WL: Do you own a banjo?
CM: No, but I've got a banjo sample, which I was going to use on "In Another Life". In fact, I think it's on my original demo, but it kind-of got blasted out by the guitars.
WL: What's your favorite season?
CM: I think autumn. I like September as a month. I like the light you get in September, the autumn sunlight. It's much nicer than the ferocious June sun. The light is much better around six or seven o'clock in the evening, when the sun is more at an angle. Certainly if you're a photographer. I think most people feel that way if they deal with light like you do in photography.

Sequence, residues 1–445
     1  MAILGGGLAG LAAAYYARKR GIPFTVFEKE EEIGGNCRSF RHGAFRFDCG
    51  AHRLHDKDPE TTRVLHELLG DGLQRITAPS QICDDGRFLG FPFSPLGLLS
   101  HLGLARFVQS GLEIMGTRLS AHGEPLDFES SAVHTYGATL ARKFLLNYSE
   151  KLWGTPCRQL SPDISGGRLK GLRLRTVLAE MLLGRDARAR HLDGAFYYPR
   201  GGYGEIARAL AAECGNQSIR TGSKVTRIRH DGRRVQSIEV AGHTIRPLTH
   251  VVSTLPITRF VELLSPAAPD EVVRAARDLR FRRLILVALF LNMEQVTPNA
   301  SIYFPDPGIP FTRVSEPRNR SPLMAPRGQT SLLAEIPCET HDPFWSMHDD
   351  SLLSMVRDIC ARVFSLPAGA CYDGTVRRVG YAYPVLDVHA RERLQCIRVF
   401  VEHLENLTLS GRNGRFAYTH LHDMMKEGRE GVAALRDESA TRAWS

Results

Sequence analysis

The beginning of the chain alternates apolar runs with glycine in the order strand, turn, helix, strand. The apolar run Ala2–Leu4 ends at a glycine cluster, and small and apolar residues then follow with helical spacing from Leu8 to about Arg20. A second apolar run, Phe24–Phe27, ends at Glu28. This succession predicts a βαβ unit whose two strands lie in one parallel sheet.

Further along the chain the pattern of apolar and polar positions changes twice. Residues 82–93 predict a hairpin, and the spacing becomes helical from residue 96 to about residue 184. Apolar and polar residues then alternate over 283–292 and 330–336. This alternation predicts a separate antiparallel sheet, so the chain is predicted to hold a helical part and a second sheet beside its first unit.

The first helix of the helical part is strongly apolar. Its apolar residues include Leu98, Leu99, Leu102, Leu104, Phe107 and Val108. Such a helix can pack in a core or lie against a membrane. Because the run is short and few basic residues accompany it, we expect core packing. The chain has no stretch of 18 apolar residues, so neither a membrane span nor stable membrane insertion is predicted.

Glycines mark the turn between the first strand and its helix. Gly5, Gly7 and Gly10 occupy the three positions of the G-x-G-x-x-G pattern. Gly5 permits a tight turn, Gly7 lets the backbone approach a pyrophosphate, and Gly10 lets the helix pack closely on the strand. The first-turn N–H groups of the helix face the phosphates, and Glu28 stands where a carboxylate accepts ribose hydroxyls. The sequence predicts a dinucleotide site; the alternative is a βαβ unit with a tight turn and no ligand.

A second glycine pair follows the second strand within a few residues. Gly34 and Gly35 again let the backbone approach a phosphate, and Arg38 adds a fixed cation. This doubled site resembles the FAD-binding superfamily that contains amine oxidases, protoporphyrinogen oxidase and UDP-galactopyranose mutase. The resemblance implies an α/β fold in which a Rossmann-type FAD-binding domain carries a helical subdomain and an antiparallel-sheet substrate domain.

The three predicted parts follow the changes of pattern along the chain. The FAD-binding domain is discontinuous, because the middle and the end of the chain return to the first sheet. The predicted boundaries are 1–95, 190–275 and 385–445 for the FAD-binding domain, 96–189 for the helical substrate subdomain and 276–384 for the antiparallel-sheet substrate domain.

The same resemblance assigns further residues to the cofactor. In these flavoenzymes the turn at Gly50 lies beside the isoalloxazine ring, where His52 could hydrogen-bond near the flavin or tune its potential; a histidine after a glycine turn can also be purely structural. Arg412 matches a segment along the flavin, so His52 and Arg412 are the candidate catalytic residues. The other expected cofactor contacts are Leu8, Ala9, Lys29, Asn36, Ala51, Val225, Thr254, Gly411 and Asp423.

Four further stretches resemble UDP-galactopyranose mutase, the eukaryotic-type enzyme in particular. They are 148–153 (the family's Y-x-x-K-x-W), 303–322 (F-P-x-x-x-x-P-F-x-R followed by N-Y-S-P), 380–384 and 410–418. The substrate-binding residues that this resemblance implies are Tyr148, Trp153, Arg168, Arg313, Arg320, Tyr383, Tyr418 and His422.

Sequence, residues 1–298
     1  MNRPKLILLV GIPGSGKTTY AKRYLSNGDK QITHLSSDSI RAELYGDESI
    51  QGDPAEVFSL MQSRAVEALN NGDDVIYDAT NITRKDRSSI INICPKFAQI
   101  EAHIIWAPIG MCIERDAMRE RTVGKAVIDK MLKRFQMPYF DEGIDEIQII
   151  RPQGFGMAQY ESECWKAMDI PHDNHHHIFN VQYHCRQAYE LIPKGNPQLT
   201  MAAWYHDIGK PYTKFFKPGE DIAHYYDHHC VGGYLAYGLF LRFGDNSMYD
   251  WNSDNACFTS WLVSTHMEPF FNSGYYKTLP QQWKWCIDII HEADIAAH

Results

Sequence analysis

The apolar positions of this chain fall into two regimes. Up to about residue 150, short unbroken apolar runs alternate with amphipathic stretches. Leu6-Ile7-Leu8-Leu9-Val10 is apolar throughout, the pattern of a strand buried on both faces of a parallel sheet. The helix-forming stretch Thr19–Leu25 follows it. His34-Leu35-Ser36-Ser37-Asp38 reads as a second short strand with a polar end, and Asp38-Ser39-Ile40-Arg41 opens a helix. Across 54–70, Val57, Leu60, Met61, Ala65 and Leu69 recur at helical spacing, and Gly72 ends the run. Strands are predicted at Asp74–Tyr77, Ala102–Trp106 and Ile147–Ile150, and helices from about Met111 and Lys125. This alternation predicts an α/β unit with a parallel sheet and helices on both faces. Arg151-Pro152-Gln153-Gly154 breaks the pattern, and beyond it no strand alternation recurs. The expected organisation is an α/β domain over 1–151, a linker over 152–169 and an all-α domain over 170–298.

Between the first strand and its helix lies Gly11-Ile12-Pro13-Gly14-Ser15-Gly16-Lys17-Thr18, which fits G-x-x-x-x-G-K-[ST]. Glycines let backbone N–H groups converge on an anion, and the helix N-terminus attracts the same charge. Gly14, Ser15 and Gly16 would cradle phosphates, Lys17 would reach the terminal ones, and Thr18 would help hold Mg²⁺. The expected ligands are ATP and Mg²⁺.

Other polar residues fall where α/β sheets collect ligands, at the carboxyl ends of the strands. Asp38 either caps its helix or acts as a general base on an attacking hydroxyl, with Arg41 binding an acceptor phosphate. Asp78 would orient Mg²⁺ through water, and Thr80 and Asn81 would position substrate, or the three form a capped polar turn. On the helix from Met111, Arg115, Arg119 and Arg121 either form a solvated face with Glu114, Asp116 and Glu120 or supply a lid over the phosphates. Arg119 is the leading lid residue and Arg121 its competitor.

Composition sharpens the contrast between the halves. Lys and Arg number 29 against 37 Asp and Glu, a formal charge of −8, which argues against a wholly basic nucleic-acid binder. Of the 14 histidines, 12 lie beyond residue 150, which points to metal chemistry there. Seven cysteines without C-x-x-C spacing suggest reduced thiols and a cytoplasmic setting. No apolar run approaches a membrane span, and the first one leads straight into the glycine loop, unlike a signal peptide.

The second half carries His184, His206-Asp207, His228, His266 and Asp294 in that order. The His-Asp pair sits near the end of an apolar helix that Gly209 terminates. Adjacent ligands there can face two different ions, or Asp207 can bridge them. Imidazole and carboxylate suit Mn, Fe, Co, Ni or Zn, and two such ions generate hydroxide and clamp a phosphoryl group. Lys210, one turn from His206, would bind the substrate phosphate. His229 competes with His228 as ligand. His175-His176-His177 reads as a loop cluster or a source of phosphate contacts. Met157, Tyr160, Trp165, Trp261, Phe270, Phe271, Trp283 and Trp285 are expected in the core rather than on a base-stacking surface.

WL: Very warm.
CM: Yeah, and I like that kind of sunlight in September and October. It's much more invigorating than the sunlight in June and July. The summer months can really blast you out, it just gets very oppressive.
WL: Which album costume did you least enjoy wearing?
CM: [laughing] Does it show that much? I think I'm looking my grumpiest on Skylarking.
WL: [laughing] I was expecting Black Sea.
CM: Oh, Black Sea. I didn't mind that too much. We had this ex-Navy chap who brought along all these suits and got us all togged out in them and we put on the helmets and it was kind of in two minds with us to take the helmets off. Just gave us a bit of a scare, you know? It was like one of those moments where you go to Alcatraz, in San Francisco, and they lock you in the cell and turn out the lights, and just let you stew there for a while. It was quite an experience. But, which one am I least impressed with?
WL: Were you least comfortable with.